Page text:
Cover: Functional Disability Screening of Ambulatory Patients

Functional Disability Screening of Ambulatory Patients

A Randomized Controlled Trial in a Hospital-Based Group Practice

Published in: Journal of General Internal Medicine, v. 9, no. 10, Oct. 1994, p. 590-592

Posted on 1994

by David Calkins, Lisa V. Rubenstein, Paul Cleary, Allyson Ross Davies, Alan M. Jette, Arlene Fink, Jacqueline Kosecoff, Roy Young, Robert H. Brook, Thomas L. Delbanco

The authors conducted a randomized controlled trial of functional disability screening in a hospital-based internal medicine group practice. They assigned 60 physicians and 497 of their patients to either an experimental or a control group. Every four months the patients in both groups completed a self-administered questionnaire measuring physical, psychological, and social function. The experimental group physicians received reports summarizing their patients' responses; the control group physicians received no report. At the end of one year the authors found no significant difference between the patients of the experimental and control group physicians on any measure of functional status. Functional disability screening alone does not improve patient function.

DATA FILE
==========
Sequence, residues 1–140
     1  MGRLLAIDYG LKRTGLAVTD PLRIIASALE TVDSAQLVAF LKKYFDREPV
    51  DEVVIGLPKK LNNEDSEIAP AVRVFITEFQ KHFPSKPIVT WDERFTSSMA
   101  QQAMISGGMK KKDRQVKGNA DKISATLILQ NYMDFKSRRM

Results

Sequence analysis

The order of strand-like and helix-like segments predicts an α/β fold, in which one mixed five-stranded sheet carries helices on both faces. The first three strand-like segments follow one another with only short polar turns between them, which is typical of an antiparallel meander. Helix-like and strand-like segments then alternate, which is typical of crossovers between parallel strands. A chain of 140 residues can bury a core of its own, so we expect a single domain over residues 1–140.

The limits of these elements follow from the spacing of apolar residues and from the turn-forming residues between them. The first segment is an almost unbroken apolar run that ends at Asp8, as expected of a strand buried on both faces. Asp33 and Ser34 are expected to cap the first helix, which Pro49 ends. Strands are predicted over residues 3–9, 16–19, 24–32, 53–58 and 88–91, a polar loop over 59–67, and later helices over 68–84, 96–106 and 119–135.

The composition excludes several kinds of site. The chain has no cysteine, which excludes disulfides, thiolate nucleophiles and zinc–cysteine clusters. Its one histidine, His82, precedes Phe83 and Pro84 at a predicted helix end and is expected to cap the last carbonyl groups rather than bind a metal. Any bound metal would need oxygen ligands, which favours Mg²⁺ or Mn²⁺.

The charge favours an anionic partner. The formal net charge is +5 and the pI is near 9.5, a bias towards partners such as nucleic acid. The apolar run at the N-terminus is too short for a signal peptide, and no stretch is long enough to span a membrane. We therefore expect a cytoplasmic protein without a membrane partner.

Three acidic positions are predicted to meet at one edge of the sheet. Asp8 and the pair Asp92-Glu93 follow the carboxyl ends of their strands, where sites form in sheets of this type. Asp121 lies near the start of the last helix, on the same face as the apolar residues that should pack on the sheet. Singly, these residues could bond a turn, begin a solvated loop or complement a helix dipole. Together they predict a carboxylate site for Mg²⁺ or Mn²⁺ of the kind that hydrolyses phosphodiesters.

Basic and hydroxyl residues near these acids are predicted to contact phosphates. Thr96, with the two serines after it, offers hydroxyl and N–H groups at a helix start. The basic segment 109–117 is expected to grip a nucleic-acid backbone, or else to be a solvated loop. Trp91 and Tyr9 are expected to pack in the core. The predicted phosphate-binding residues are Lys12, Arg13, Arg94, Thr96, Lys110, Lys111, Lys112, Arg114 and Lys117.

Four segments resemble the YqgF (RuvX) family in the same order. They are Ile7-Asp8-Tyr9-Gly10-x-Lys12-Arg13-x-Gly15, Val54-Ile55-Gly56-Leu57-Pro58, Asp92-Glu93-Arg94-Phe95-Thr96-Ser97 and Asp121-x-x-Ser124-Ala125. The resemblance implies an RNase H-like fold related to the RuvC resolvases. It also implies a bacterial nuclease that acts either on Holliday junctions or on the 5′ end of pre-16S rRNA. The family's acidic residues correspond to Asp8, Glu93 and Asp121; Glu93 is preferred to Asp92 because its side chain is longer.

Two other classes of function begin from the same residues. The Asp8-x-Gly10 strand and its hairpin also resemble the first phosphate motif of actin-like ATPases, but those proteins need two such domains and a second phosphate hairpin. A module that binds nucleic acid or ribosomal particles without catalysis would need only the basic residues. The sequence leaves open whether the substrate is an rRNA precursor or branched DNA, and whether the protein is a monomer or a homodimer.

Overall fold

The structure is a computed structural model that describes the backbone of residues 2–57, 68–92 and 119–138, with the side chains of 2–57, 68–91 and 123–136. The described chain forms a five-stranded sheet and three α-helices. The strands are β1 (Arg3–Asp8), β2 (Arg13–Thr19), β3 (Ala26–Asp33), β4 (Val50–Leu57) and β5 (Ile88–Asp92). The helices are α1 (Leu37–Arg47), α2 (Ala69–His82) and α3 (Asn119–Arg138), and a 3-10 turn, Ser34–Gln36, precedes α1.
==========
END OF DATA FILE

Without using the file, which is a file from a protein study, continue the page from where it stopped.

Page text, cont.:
This report is part of the RAND external publication series. Many RAND studies are published in peer-reviewed scholarly journals, as chapters in commercial books, or as documents published by other organizations.

RAND is a nonprofit institution that helps improve policy and decisionmaking through research and analysis. RAND's publications do not necessarily reflect the opinions of its research clients and sponsors.